Maybe, like me, you’ve been listening to Taylor Swift’s song “22” and realized, mournfully, that at 22, the pop singer was on the brink of achieving peak stardom and commercial creative success while you, at 22 are in your room watching Netflix (“relaxing” after a long shift at a tiny coffee shop, procrastinating on your mid-term essays). Seeing women succeed in business is both inspiring and frightening. I decided to face my fear of the sublime nature of young female success and sit down with local girlboss, Gaby Bayona, who owns Truvelle Bridal, to talk about the path on which she accomplished outstanding business achievements at the fresh age of 23.
Last year, Bayona earned at spot in BC Business’s 30 Under 30, opened up the first bridal storefront in Gastown, was shortlisted for Western Living Designer of the Year, and began investing in a new bridal business venture. Bayona launched Truvelle in 2013, and the brand has since grown from an Etsy store stocked with gowns made entirely by Bayona herself to an operation supplying thirty-six retailers in seven countries and, of course, providing gowns for Vancouver’s brides.
It all began with her family. “My mom is a seamstress...[and a] single mom,” says Bayona. “When I was growing up I would always have to come with her to work. She worked with all the bridal stores in Vancouver, so I literally grew up in the industry... I spent most of my childhood in sewing rooms.” When she was ten, Bayona’s mother, Merly, opened her own custom bridal store, Ellebay Bridal. This entrepreneurial spirit attached itself to Bayona, who began a store at her high school which raised money for upcoming graduation ceremonies. After high school, Bayona made a risky choice that deviated from her original plan to go into engineering: she applied for Sauder School of Business at UBC.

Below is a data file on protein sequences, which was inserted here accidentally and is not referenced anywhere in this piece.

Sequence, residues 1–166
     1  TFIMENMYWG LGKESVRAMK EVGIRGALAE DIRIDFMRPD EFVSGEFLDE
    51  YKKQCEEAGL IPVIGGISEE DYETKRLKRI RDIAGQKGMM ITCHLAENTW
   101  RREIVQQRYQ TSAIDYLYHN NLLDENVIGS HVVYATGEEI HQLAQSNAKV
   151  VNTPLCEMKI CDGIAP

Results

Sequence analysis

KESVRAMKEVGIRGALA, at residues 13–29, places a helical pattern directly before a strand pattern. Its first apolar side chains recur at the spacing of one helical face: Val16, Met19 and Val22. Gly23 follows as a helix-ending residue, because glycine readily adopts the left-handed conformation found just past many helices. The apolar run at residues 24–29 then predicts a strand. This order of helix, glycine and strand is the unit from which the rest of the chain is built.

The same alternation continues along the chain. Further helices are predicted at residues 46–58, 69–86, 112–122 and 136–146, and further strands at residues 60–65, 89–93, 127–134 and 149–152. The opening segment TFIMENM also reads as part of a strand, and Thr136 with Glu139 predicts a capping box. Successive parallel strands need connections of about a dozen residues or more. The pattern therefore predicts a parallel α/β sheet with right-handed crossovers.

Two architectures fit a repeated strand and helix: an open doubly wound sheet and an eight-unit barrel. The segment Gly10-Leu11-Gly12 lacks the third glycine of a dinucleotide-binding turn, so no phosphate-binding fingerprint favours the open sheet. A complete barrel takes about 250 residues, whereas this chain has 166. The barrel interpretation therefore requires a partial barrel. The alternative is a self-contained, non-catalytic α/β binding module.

“I didn’t get in,” she recalls, “I had no other options, I was forced to find anther way to spend my time, which ended up being a gig at my mom’s shop.” Bayona helped her mother update Ellebay’s brand and make a website, and then, eventually, began designing dresses herself. “I was designing grad dresses [and as the] brides came in, they were looking at these grad dresses and [really liking them]. That was kind of the ‘ah-ha’ moment. [I realized that wedding gowns] could be beautiful, soft, more like red-carpet dresses.” During this time, Bayona tried once more to follow the conventional school-internship-job model most of us are accustomed to. She applied to fashion school and started working toward a major in fashion merchandising.
“I just wasn’t very engaged,” Bayona says. “I was doing a final project and I was also running my mom’s business with her. I said, ‘I need to just take four days off, I need to finish these final projects,’ and during those four days off I was just staring at these final projects and hurting inside. I just couldn’t do it...So I dropped out of school.” This set Bayona up to pursue success on her own terms. “In real life I’m super curious and always want to do more research and read up on people’s stories and self-educate as much as possible.” This impulse to self-educate is coupled with her unwillingness to do anything she really isn’t interested in. “I definitely procrastinate when I don’t like what I’m doing,” she says when I ask about that all-consuming buzzword, productivity. “I get bored so easily, and I get fed up easily. If I don’t like [something], I don’t want to do it. Which is a problem, but I think it’s also one of my best traits...because if I don’t like something then I’ll change it.”
This year, Bayona will launch a new bridal business, Laudae, with her mother. Where Truvelle is Kinfolk-inspired minimalism, clean lines, and modern silhouettes, Laudae is for the beach-dwelling and messy-haired kind of bride. “[She’s] the kind of person who would listen to Lion Babe and LCD Soundsystem and Childish Gambino,” says Bayona.
Young success isn’t some magic spell cast over a select few at birth, it’s just that lives have different shapes. Bayona was brave enough to let her own path take precedence over convention. Basing her business ambitions off the model of luxury goods conglomerate Louis Vuitton Moët Hennessy SE, Bayona plans to have three or four brands under her belt in five years, but she’s already made her dreams come true. She says, “I feel really cheesy saying this, but I feel like I'm living my dream life. I want to be in Vancouver, traveling, surrounded by good people, and constantly creating––which is the case right now.”
For more information about Gaby Bayona and Truvelle Bridal, visit truvelle.com.